Learning From Experience

My father once said “Always try to learn from other people’s mistakes. It saves you a bunch of time.” But he could have also said “Learn from other people’s success. It saves you a bunch of pain.” When looking for mentorship, finding someone who has proven themselves and whose advice goes against conventional thinking is a good tactic. My friend Ray Zinn is that mentor. It is hard to understate what Ray has accomplished in business … and in life. He founded a semiconductor company in Silicon Valley without venture capital. He ran that company as the visionary founder for 37 years. He was profitable the very first year, and for every year thereafter (except for one year during the dot-com era meltdown, and the one “unprofitable” year was due largely to a write-down for shuttering an extra fabrication facility). His company had the lowest employee turn-over rate in his industry, and likely … Continue reading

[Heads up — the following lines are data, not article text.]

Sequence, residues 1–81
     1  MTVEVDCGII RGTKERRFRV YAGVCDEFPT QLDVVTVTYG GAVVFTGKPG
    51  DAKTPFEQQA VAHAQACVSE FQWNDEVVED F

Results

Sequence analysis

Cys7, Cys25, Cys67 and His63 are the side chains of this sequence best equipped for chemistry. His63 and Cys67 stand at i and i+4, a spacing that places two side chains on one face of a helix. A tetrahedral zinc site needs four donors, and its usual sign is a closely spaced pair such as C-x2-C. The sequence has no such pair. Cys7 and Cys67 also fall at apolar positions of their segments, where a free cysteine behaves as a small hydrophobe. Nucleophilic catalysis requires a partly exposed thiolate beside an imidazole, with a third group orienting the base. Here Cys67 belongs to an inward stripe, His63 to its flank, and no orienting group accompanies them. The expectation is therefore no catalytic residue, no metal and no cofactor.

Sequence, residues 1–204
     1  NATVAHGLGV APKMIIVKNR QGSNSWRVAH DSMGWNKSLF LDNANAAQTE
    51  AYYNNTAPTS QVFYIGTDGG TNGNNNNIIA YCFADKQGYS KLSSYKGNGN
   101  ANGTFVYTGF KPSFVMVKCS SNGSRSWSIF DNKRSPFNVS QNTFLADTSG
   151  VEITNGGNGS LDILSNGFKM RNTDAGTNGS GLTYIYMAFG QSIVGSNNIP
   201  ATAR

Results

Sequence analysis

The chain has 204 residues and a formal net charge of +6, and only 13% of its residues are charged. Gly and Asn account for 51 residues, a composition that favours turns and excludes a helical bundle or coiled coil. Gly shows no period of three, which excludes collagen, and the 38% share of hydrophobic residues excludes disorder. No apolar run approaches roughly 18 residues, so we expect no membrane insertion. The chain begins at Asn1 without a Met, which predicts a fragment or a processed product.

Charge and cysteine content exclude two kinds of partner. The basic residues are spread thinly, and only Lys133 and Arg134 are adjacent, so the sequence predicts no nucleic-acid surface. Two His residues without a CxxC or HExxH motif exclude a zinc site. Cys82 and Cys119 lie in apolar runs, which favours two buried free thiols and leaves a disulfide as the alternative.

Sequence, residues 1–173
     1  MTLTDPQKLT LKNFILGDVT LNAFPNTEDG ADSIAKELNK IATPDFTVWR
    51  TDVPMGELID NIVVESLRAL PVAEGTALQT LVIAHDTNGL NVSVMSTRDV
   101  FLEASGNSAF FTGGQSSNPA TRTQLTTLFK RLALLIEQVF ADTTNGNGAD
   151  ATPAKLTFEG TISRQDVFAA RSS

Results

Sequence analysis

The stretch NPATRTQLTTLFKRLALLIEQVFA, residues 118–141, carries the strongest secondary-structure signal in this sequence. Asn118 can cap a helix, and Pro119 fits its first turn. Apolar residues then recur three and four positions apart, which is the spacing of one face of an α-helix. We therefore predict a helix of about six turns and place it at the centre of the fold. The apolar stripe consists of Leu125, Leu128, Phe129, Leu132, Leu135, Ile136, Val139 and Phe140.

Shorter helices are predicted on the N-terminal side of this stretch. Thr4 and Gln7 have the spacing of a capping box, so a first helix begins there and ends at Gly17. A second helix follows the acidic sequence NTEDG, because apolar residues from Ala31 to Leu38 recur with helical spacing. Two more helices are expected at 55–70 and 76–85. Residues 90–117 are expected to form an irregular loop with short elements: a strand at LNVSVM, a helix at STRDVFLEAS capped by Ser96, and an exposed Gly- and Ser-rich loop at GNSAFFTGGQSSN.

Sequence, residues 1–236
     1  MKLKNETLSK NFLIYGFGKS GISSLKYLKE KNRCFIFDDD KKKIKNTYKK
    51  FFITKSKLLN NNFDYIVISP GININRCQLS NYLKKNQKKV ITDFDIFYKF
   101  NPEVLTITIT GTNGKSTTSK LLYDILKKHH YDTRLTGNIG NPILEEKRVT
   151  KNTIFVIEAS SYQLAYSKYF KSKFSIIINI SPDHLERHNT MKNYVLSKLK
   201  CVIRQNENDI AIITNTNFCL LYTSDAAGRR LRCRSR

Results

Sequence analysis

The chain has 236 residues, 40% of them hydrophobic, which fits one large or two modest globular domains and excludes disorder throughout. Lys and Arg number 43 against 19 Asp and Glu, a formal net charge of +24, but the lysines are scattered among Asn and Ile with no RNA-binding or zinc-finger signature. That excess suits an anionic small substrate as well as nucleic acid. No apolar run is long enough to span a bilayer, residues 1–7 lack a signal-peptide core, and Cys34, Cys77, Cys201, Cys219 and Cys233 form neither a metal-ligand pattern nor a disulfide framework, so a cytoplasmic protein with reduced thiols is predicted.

The Investing Game

Venture investing is all too similar to the Dating Game (and if you got that reference, you might be old enough to be an investor). The Dating Game was a loathsome television product of the 1960s whereby a single woman would choose from three likely suitors through a blinded question and answer process (though occasionally a man would select from a trio of ladies). Being Hollywood, the show’s contestants were frequently publicity seeking entertainers, some of whom later actually made it in the business (Sally Field appeared one year before becoming a religious aviator). Mostly the program was a demonstration of showmanship over substance as several men attempted to sound suave enough to be datable. Much like an investor pitch session. The start-up/investor match making process remains a relatively unorganized mishmash, where waves of undesirable and ill prepared entrepreneurs seek the favors (and fortunes) of investors. For a match to … Continue reading